Nuclear waste import postponed

Publish date: February 22, 2001

The Russian State Duma has postponed the second reading of the nuclear fuel import bills earlier scheduled for February 22nd. The new date is set for March 22nd.

The second reading of the nuclear fuel import bills did not take place in the Russian State Duma, the lower house of the Russian parliament, on February 22nd. It is postponed until March 22nd after the increased activity of the greens protesting against the amendments.

Several actions organised by greens preceded this decision in Russia. On February 19th, Russian environmental activists from Socio-Ecological Union, Ecodefense and liberal Yabloko party held a rally outside the State Duma. About 300 activists from various environmental organisations took part in the action. 20,000 signatures against the nuclear bills were handed over to Grigory Yavlinsky, head of Yabloko party, who will later pass them over to the Russian President. The Russian Nuclear Ministry needs these bills put in force to allow spent nuclear fuel import to Russia. The greens and some politicians believe this plan will damage environment and expenses for the waste management will be much higher than the predicted profit.

On February 19th, the Environmental Committee of the Russian State Duma examined the amendments to the nuclear import bills initiated by the deputies from different factions. The amendments mainly concerned effective financial control for each nuclear delivery to Russia, guarantees for returning the nuclear waste to the country of origin. Only one amendment was approved, however, regarding the necessary approval of each contract for nuclear delivery by the State Duma.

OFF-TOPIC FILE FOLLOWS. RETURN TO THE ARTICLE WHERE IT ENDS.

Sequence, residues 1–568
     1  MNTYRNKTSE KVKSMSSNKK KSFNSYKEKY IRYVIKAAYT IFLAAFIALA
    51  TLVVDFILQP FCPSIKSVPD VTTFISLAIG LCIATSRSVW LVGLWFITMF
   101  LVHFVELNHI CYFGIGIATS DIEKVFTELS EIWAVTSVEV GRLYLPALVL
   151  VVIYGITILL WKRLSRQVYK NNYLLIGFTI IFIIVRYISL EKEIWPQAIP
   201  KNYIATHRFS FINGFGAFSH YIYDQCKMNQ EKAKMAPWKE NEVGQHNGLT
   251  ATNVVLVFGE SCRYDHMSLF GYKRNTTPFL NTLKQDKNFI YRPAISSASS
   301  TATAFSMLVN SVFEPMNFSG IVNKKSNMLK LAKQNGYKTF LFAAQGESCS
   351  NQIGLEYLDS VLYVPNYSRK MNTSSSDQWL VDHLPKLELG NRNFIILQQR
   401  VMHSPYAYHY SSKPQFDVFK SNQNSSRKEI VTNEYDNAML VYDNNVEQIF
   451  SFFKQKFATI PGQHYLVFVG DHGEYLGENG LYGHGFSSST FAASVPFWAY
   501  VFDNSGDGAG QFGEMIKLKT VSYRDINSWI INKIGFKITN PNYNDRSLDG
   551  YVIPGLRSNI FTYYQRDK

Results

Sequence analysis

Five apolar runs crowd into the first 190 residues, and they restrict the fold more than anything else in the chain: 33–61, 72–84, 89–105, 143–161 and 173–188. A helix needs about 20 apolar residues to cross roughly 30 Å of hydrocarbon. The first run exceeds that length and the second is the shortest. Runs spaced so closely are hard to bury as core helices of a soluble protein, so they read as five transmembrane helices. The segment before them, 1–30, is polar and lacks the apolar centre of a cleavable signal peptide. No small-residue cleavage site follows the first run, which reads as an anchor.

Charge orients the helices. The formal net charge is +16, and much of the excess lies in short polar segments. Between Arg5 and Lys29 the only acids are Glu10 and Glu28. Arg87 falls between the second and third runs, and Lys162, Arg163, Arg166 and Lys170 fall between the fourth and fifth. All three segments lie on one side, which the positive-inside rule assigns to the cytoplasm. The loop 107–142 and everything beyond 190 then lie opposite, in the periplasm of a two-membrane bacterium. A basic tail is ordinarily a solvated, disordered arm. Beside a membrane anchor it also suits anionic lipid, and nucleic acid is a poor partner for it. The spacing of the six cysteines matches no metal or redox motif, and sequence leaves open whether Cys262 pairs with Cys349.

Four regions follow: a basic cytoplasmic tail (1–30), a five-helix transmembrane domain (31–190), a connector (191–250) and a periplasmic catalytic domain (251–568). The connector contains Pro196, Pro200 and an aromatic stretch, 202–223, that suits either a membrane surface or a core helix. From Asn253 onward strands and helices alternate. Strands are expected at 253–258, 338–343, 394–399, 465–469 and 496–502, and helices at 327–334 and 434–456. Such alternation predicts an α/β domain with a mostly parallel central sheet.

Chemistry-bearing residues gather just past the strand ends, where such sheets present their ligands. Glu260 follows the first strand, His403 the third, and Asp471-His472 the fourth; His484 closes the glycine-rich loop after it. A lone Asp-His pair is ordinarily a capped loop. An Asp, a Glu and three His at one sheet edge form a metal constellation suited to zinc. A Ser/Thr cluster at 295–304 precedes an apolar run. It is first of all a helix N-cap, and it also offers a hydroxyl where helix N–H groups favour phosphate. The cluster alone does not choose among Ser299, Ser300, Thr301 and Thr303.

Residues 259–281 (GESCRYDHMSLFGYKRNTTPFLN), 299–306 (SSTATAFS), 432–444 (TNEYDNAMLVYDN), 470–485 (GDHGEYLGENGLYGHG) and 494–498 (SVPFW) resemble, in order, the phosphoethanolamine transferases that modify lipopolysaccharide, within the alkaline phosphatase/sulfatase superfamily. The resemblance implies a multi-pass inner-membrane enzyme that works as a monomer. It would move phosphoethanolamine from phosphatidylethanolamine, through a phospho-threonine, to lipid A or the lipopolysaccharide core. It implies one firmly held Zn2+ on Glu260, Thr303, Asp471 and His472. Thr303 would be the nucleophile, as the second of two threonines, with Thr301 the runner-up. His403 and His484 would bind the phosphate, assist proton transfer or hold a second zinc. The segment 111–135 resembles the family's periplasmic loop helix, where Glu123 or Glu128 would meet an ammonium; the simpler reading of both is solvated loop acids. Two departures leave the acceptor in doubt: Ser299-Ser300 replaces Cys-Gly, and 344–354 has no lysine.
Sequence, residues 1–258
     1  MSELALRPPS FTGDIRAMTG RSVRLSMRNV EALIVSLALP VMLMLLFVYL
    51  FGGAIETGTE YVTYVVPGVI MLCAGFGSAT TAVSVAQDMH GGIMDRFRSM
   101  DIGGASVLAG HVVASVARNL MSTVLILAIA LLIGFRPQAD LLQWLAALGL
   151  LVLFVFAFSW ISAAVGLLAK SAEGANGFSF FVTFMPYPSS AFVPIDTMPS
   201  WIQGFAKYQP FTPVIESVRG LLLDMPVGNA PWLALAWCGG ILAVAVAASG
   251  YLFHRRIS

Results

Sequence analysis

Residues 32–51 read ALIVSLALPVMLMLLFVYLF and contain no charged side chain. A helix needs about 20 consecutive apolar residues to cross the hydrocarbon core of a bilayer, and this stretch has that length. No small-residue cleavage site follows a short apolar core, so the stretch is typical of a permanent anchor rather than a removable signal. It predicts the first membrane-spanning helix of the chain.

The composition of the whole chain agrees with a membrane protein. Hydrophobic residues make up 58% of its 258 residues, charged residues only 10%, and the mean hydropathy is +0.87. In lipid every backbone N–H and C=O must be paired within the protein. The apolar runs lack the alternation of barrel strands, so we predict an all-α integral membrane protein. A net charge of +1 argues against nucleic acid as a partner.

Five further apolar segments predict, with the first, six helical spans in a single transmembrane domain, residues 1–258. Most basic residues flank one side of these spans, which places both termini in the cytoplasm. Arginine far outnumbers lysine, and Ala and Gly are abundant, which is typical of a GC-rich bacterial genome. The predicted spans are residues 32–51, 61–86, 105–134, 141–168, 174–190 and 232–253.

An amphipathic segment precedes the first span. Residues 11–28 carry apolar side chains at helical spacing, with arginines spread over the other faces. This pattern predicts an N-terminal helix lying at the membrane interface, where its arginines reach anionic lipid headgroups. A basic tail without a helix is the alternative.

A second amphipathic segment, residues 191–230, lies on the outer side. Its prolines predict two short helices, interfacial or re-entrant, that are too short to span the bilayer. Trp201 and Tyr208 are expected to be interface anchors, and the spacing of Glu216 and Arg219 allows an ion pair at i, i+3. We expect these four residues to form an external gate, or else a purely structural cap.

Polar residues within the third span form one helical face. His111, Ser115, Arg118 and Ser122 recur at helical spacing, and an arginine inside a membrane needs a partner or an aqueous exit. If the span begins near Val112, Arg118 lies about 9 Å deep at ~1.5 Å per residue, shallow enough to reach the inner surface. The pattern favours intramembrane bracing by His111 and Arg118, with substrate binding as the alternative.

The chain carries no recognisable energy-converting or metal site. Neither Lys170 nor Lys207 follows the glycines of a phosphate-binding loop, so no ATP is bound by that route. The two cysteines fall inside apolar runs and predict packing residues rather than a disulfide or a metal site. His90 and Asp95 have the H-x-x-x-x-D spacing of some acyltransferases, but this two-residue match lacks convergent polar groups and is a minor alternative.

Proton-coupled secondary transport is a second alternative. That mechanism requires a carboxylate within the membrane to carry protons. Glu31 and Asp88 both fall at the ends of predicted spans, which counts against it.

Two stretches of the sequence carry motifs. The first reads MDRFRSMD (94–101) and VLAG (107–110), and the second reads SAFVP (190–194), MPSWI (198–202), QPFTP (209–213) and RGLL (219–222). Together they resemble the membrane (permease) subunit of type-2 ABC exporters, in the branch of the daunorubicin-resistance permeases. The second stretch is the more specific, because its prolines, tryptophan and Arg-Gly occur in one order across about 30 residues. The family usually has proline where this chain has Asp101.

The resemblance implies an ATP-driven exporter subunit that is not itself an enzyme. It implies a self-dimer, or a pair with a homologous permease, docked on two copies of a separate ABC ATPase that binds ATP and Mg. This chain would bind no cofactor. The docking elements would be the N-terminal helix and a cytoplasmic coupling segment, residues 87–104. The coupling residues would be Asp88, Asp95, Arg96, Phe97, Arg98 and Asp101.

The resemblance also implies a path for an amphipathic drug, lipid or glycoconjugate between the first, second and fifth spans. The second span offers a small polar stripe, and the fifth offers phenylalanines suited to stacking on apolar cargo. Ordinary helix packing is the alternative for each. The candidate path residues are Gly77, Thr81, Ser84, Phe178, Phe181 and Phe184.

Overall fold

On the same day, Ecodefense group released documents saying that the US Department of Energy has plans to deliver spent nuclear fuel from Taiwan to Krasnoyarsk in Siberia for final disposal. Shipment of 8,000 tons is scheduled to begin in 2007.

On December 21st 2000, the Russian State Duma approved in the first reading bills calling for import of spent nuclear fuel. After that more than 40 protests took place in the various Russian cities. The activists were supported by local parliaments in the Russian

regions, which sent their protests to the Duma against the bills. In autumn 2000, the polls showed that 93.5% of the Russians are against nuclear import.

“In such situation the legislators should not postpone the reading but rather cancel it,” Vladimir Slivyak, co-chairman of Ecodefense group, said.

“Some regions consider to call back their deputies [from the State Duma] who voted in favour of the nuclear import,” he added.

Before the bills enter force, they must be approved in the second and third readings in the Duma, then by the Federation Council, the upper chamber of the Russian parliament, and finally by the President. The bills can allow the nuclear industry of Russia to import spent nuclear fuel from other countries for reprocessing or up to 50 years of storage. Russian environmental groups assessed this initiative as an attempt to turn the country into an international nuclear dumpsite and started a nation-wide campaign to stop the project. Yabloko party, an opposition minority in the Duma dominated by the Kremlin supporters, is strongly opposing the project and has joined the campaign.